HTML and CSS Reference
In-Depth Information
Whereas XML is extensible, XHTML offers a finite set of predefined elements to choose from—all the
same elements that were available in HTML 4.01, in fact. The only real differences between HTML 4.01
and XHTML 1.0 are stylistic, with just a few more rules dictating how XHTML must be written. HTML is a
lax language designed to be tolerant of minor transgressions in syntax, whereas XML is fussy and
demands strict adherence to its rules. XHTML simply applies the strictness of XML to HTML, resulting in a
hardened set of rules for authoring a document. An XHTML document is essentially just an HTML
document written to a more exacting standard.
It was also right around the time XHTML came on the scene that web designers and developers began a
serious campaign to improve the state of the Web, encouraging their clients and colleagues to develop in
accordance with web standards, and pressuring browser makers to correctly support those same
standards in their products. XHTML, with its stricter rules of conformance, was the darling of the web
standards movement because it encouraged authors to pay closer attention to how they constructed their
documents.
The Web Standards Project (WaSP) was founded in 1998 in reaction to the inconsistent
browser behaviors and unsustainable development practices of the era. This group led
the charge in what became “the web standards movement,” promoting a new set of best
practices for web designers and developers, ultimately changing the way web sites are
made and improving the state of the Web, for authors and users alike. WaSP continues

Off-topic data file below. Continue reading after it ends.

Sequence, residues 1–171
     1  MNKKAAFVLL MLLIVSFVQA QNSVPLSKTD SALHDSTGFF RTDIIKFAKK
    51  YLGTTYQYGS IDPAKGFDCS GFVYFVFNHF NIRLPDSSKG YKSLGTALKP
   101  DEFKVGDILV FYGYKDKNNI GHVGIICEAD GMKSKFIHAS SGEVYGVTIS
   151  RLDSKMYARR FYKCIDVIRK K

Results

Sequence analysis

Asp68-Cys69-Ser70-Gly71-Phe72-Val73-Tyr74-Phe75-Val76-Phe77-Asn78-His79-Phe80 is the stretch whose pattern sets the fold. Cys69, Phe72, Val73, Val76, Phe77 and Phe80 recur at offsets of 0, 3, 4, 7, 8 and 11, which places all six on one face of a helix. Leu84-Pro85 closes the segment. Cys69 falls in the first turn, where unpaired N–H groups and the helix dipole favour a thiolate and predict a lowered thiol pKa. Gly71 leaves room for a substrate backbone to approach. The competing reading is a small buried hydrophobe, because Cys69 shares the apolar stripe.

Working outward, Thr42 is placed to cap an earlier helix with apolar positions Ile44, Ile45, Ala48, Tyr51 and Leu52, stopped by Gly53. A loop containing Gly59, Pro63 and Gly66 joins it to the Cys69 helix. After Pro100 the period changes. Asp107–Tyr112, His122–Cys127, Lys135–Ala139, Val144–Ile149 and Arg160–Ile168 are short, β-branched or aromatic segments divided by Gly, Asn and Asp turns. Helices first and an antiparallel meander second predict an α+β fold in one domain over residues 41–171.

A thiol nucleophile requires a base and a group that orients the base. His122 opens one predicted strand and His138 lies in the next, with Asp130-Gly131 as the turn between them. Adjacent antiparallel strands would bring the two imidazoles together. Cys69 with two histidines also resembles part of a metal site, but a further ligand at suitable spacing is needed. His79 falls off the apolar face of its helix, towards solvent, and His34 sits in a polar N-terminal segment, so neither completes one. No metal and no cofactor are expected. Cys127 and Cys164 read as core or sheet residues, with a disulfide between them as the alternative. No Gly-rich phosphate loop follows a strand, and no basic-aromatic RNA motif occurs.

to work with web authors, educators, browser vendors, and standards bodies to advance
and promote web standards. Their website is webstandards.org .
Meanwhile, the W3C immediately began work on XHTML 2.0. No simple reformulation of existing
standards, this was going to be a radical overhaul of the language from the ground up, a whole new
approach to authoring documents for the Web. That was over a decade ago. The XHTML 2.0 specification
stagnated and eventually stalled, while the Web continued to move inexorably forward, innovating on top
of a foundation that was beginning to show its age. By the mid-2000s it became clear to some that XHTML
2.0 was perhaps not the best way forward after all, and it was time to re-examine and refresh good old
HTML.
Out with the X, in with the 5
A splinter group formed within the W3C in 2004 and began to craft new addendums to HTML. They called
themselves the Web Hypertext Application Technology Working Group (WHATWG, whatwg.org ) and their
side projects were dubbed Web Apps 1.0 and Web Forms 2.0, both meant to be extensions of the stale
HTML 4.01 spec. Eventually these two projects were united in a new fledgling specification: HTML5.
In due time the W3C also came to accept that XHTML 2.0 wasn't working out as planned, and recognized
that this new HTML5 business was something worth paying attention to. The W3C started the process of
adopting and formalizing the work produced by WHATWG. And so HTML5 gained official status as the
next HTML standard.
 
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